In 2000, Canada Post commemorated her influence through the creation of a stamp line featuring Foster.[8] Moreover, in 2016, Canadian Broadcast Corporation featured Foster in their six-part series titled, "Love, Hate, and Propaganda."[9][10] In 2016, her impact was also highlighted in an art history exhibition, "The Other NFB" curated by Carol Payne and Sandra Dyck.[11]

Early life Edit

On January 2, 1922, Veronica Foster was born in Montreal, Quebec to Daniel Leo Foster and Catherine Francis Empey Foster. She had seven siblings, four brothers and three sisters. At a young age, she moved to the Christie Pits area in Toronto, Ontario with her mother and siblings, though as a teenager she frequently moved between both Toronto and Montreal.[12] In her free time, her favourite things to do were playing golf and making charcoal drawings.[12]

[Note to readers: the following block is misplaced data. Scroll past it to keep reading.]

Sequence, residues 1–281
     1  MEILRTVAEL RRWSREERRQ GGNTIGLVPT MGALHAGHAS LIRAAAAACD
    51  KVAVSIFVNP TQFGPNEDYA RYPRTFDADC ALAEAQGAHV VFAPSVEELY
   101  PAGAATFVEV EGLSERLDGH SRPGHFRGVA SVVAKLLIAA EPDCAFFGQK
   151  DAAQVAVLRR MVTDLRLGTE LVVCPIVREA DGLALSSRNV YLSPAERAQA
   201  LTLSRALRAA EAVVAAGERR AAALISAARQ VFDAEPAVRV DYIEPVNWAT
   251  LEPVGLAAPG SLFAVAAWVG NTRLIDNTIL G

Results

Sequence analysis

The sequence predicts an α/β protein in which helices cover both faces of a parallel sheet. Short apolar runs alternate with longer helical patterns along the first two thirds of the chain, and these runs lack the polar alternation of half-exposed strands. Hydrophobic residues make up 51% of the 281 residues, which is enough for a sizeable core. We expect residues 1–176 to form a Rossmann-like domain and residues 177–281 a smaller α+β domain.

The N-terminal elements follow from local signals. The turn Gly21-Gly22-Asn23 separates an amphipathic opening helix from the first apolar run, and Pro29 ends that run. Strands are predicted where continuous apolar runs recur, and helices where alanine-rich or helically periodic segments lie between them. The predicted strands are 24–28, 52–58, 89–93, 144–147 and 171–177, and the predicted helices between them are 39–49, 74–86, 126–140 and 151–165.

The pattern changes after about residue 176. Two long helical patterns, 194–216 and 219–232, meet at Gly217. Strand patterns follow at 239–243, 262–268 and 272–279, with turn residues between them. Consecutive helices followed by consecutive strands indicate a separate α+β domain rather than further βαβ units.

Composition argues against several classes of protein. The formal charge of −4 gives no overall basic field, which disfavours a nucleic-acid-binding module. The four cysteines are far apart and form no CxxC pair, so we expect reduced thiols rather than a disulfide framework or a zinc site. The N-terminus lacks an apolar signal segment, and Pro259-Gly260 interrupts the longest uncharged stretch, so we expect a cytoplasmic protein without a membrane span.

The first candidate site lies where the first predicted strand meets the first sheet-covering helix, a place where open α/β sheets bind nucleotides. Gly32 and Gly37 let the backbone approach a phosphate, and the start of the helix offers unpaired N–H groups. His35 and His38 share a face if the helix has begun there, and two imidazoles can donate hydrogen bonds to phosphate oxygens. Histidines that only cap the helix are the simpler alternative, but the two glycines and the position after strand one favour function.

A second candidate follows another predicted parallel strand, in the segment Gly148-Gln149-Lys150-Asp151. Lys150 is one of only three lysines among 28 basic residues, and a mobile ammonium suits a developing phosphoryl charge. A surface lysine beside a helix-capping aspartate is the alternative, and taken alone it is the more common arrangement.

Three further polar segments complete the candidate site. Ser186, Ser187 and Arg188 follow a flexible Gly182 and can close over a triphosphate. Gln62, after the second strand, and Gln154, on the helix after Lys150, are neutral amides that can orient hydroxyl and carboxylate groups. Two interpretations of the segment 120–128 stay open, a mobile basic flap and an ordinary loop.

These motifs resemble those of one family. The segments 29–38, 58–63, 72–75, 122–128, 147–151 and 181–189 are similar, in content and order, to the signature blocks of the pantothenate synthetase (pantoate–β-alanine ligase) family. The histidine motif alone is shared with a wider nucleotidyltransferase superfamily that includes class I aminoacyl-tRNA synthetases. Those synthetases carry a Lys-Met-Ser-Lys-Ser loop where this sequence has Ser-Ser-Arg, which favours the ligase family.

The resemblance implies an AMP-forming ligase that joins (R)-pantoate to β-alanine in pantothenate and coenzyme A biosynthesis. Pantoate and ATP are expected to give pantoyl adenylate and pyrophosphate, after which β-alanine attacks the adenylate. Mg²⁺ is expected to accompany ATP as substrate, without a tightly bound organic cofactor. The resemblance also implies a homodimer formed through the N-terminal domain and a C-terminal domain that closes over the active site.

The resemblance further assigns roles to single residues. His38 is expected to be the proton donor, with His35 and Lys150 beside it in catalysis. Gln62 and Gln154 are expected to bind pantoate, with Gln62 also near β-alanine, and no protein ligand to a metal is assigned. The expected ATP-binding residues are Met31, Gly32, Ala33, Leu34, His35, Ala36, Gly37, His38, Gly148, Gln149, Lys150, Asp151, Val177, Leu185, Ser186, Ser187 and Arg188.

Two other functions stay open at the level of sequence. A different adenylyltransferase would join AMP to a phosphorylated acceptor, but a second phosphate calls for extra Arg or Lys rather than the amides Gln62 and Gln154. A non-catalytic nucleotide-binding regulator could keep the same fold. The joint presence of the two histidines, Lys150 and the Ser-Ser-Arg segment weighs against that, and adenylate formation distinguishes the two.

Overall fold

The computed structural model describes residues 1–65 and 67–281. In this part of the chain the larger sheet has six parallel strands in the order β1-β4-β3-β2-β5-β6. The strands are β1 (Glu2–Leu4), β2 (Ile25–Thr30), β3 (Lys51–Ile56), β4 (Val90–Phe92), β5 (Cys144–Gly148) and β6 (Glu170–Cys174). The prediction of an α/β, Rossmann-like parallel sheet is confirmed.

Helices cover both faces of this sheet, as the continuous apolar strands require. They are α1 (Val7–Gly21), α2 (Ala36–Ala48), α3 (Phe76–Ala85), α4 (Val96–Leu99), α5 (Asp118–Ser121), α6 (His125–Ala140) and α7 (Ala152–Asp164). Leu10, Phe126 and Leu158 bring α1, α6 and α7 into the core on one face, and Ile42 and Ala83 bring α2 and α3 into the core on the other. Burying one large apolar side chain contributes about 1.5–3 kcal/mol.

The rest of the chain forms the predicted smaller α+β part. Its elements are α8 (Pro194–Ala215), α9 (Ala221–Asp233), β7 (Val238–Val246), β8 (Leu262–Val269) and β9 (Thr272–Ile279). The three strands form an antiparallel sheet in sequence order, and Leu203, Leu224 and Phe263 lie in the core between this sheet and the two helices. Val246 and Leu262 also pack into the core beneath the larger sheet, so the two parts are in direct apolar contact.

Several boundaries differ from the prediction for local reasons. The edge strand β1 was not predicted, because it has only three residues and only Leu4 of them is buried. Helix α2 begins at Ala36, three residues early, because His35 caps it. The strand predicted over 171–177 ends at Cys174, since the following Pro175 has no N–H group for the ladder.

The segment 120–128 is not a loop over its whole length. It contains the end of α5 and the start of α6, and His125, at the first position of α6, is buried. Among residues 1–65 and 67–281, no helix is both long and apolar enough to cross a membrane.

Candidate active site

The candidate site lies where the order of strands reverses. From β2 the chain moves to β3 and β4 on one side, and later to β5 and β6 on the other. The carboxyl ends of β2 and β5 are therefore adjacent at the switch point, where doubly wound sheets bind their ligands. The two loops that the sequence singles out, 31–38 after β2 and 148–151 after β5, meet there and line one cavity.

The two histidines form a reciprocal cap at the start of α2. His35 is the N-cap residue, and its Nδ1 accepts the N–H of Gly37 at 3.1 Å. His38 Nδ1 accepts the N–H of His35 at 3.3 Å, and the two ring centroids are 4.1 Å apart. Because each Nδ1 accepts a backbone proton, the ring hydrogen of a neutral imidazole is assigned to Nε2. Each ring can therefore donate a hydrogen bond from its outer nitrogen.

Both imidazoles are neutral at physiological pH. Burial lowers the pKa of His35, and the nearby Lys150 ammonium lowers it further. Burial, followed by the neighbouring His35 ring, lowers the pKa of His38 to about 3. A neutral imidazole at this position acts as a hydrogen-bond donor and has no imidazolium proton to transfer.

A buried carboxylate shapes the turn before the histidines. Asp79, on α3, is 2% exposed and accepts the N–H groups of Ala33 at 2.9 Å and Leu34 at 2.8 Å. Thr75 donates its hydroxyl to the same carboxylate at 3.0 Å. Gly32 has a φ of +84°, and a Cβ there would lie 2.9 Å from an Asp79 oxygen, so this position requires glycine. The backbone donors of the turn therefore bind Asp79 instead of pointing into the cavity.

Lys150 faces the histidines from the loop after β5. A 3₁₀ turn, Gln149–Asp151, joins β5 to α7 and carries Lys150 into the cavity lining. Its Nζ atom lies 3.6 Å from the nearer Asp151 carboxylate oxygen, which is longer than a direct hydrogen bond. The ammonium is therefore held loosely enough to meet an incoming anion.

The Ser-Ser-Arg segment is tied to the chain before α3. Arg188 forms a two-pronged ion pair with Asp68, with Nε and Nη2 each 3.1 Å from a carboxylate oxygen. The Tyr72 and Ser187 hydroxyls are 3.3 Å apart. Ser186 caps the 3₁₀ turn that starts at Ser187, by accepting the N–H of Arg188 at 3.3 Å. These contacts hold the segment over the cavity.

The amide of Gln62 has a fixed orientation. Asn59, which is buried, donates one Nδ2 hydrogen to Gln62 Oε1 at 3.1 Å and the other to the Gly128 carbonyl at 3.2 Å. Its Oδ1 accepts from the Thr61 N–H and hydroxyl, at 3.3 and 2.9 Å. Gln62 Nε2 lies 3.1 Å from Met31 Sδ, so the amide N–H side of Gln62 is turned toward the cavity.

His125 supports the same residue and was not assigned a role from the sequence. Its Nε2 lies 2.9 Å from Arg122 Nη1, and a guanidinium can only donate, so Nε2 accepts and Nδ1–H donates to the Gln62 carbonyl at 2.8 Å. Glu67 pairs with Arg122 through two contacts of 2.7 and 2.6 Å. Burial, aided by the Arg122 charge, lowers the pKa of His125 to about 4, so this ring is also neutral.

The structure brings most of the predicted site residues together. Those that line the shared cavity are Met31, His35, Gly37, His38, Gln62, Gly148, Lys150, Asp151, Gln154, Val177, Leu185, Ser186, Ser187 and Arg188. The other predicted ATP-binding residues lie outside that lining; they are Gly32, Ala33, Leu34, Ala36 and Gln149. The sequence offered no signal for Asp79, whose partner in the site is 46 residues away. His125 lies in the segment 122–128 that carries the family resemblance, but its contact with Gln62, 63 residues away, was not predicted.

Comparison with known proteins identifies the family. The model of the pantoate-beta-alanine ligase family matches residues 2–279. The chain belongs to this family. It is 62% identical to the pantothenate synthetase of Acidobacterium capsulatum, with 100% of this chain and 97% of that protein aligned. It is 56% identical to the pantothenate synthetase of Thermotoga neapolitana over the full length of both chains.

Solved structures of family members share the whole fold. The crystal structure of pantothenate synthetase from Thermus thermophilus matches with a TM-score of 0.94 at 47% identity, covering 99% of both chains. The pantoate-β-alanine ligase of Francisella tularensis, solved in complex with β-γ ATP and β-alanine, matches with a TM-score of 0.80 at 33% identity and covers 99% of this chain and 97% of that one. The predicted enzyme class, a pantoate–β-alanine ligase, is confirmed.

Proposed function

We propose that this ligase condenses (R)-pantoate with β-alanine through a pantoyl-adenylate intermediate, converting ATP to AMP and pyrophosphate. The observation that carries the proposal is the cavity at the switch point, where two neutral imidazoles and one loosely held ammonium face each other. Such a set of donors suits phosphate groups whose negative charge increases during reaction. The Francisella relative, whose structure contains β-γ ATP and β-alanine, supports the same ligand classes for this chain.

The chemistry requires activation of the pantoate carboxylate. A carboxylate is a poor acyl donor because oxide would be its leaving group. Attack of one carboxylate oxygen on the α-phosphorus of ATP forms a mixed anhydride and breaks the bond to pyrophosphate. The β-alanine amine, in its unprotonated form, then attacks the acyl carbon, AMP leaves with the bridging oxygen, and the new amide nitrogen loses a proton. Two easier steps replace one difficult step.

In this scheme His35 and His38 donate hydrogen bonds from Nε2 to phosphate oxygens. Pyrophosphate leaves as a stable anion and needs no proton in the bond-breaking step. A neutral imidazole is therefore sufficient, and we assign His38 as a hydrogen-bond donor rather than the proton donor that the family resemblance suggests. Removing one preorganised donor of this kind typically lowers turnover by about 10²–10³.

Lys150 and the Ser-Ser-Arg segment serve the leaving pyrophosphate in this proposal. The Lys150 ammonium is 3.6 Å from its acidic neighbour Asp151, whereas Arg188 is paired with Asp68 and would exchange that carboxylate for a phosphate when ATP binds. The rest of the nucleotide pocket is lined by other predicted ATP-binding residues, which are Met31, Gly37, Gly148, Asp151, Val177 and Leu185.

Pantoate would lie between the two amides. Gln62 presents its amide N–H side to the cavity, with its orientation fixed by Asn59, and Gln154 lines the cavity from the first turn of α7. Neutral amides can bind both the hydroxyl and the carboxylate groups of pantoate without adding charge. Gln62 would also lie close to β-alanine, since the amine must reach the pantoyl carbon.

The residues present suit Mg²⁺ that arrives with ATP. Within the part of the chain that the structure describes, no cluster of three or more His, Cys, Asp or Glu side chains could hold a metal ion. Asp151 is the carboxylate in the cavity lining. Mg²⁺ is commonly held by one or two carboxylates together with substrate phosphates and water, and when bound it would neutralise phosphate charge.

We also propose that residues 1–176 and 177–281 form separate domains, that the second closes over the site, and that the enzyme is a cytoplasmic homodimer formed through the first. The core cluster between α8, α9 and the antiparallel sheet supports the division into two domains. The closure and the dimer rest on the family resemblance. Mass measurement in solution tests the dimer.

Foster in the Second World War Edit

Veronica Foster holding a newly assembled Bren Gun

In 1941, at the age of nineteen, Veronica Foster started working at the John Inglis Company Ltd. on Strachan Avenue in Toronto.[12][13][14] John Inglis Company Ltd. was a massive facility that covered 23 acres, with thousands of other women working alongside Veronica in the manufacturing of Bren light and reliable machine guns used by Canadian and British soldiers.[12][15] Between 1939 and 1945, the company produced over 40,000 Bren light guns.[15] Prior to the outbreak of the Second World War, the factory focused on creating appliances and machinery. Later on, the factory transformed and focused on the creation of guns due to a change in ownership.[14][15][16] In 1939, when the Second World War broke out, the Canadian government was desperately looking to solve the labour supply shortages that came with men vacating positions to fight in the war. As a result, Canada turned to extending factory jobs to women.[12][16] In May 1941, Foster then began working in the John Inglis Company making Bren Light Machine guns. She was discovered by the National Film Board (NFB), which had recently been assigned as the official photographer for the Canadian Government.[2] The NFB chose Foster as the poster girl of their new campaign.[14]